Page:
BMW to withdraw from F1
BMW has announced that it is withdrawing its team from Formula One at the end of the current season.
The German manufacturer is the second major backer to withdraw from the sport in the space of eight months - Honda having pulled out in December last year.
The announcement comes ahead of the imminent signing of a new Concorde Agreement - the commercial document that governs F1 and binds teams to the sport for a set period of time.
BMW made its decision after a management board meeting on Tuesday.
"Of course, this was a difficult decision for us, but it's a resolute step in view of our company's strategic realignment," said Dr Norbert Reithofer, chairman of the Board of Management of BMW.
"Premium will be increasingly defined in terms of sustainability and environmental compatibility. This is an area in which we want to remain in the lead.
"We are continually reviewing all projects and initiatives to check them for future viability and sustainability.
"Our Formula One campaign is thus less a key promoter for us."
The decision comes as the team have suffered a downturn in fortunes on the track in a season in which they had hoped to challenge for the world championship.
They currently lie eighth out of ten teams in the constructors' championship, with drivers Robert Kubica and Nick Heidfeld having scored just eight points between them.
Such disappointing form comes after three seasons of consistent improvement in the wake of BMW's decision to buy the independent Sauber team ahead of the 2006 season, having earlier partnered Williams.
They scored two podium finishes and claimed fifth in the constructors' championship that year before moving up to second in the standings in 2007 - albeit aided by McLaren's exclusion after the 'spy saga'.
Kubica claimed BMW Sauber's first pole position in Bahrain last year before going on to score their first victory at the Canadian Grand Prix.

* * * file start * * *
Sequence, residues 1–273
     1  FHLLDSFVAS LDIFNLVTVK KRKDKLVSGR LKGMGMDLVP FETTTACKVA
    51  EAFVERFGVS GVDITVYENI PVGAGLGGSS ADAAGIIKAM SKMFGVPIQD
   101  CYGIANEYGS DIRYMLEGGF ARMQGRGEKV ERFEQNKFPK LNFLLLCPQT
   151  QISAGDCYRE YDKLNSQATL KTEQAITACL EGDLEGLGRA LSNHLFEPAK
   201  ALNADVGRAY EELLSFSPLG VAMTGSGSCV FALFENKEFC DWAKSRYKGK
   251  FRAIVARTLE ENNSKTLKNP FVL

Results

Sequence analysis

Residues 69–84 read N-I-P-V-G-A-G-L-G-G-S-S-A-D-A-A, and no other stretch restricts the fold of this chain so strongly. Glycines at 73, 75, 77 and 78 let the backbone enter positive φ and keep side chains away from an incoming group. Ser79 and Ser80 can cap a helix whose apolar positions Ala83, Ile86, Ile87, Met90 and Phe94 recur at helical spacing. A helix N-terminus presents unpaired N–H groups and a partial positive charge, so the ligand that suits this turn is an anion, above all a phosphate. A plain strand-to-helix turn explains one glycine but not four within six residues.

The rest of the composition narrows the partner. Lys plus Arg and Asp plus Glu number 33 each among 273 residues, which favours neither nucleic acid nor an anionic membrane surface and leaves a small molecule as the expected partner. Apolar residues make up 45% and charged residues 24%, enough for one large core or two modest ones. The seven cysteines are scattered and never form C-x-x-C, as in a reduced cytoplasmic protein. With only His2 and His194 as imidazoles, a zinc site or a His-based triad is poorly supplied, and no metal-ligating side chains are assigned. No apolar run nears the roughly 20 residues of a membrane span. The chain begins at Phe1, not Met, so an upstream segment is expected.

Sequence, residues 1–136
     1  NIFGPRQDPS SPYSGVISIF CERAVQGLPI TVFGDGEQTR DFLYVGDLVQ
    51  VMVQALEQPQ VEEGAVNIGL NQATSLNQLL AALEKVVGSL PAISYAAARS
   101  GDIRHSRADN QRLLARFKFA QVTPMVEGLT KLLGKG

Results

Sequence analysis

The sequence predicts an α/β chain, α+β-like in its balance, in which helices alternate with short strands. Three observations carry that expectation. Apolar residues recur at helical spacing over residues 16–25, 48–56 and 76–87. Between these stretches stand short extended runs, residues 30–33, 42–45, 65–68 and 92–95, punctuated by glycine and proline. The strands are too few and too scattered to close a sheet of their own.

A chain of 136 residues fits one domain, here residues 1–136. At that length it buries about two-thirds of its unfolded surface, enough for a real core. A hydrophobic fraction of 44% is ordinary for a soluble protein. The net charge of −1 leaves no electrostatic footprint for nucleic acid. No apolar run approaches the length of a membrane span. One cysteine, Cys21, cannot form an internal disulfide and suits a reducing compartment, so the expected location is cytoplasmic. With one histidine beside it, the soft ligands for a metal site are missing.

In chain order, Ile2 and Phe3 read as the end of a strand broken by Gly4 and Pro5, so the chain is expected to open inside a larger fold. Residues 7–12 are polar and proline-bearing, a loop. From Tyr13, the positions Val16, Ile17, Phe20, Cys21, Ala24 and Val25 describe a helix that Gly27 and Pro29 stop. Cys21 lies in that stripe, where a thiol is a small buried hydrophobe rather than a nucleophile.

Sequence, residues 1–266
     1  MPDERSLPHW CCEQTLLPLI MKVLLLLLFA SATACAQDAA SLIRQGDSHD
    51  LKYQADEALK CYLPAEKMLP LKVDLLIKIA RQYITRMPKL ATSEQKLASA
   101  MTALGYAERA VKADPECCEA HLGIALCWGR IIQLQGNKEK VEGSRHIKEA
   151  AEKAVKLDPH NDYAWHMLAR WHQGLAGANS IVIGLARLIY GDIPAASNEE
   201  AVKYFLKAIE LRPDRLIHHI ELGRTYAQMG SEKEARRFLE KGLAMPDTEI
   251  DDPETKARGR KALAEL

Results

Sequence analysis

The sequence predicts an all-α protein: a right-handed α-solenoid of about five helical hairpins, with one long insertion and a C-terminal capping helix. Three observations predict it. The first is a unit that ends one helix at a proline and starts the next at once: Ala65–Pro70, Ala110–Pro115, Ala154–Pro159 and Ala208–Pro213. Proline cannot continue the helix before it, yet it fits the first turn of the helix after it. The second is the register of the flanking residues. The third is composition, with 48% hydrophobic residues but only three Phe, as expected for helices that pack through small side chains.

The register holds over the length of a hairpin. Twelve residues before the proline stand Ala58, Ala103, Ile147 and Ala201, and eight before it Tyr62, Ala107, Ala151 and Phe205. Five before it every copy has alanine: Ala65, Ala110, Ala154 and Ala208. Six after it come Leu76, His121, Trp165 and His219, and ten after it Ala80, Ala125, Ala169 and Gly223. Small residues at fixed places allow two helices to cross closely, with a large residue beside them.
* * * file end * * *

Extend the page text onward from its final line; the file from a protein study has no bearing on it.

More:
He and the team led their respective championships before fading as the season progressed - BMW Sauber eventually finishing third behind Ferrari and McLaren.
BMW Motorsport boss Mario Theissen insisted it was the team's intention to push for both titles at the start of the current season.
Like Ferrari and McLaren, the team have struggled to apply this season's sweeping new regulations but, unlike their rivals, they have failed to improve their performance.
In Sunday's Hungarian Grand Prix, while McLaren's Lewis Hamilton and Ferrari's Kimi Raikkonen finished first and second, Heidfeld and Kubica respectively finished 11th and 13th.
"Mario Theissen has been in charge of our motorsport's program since 1999," added Reithofer.
"We have scored a large number of successes in this period, including some in Formula One racing.
"I would like to express my sincere gratitude to Mario and his team for this."
In response, Theissen said: "We would all have liked to continue this ambitious campaign and show that this season was just a hiccup following three successful years.
"But I can understand why this decision was made from a corporate perspective.
"We will now focus sharply on the remaining races, demonstrate our fighting spirit and put in a good result as we bid farewell to Formula One racing."
The decision may be seen as a surprise in that BMW has been influential in recent negotiations between the FIA and the Formula One Teams' Association (FOTA) to cut costs.
It had been thought that the eight FOTA teams would be among the 13 - including three newcomers - to sign the Concorde Agreement and commit to F1 until at least 2012.
But BMW is to focus its resources instead on the development of new drive technologies and sustainability.
Dr Klaus Draeger, member of the Board of Management responsible for development, confirmed that recent poor results were a major factor in the decision.
"It only took us three years to establish ourselves as a top team in Formula One," he said.
"Unfortunately, we were unable to meet expectations. Nevertheless, our 10 years of Formula One experience have had a major impact on our development engineers.
"We have racing to thank for numerous technological innovations, as well as the competitive spirit that drives us to develop mass-produced cars."
It is certain redundancies will follow, both in Munich and at the former Sauber factory in Hinwil, Switzerland.
Draeger added: "We will develop and assess various scenarios and do our best to find a solution for the employees in Hinwil and the staff members involved in the Formula One project in Munich.
"We are aware of the responsibility we shoulder and will inform the staff as soon as we can make a clear statement."
BMW will continue its participation in the World Touring Car Championship, Formula BMW, the American Le Mans Series and other endurance races, as well as world super bikes.
However, the decision leaves both Kubica and Heidfeld on the lookout for a new drive ahead of the 2010 season.
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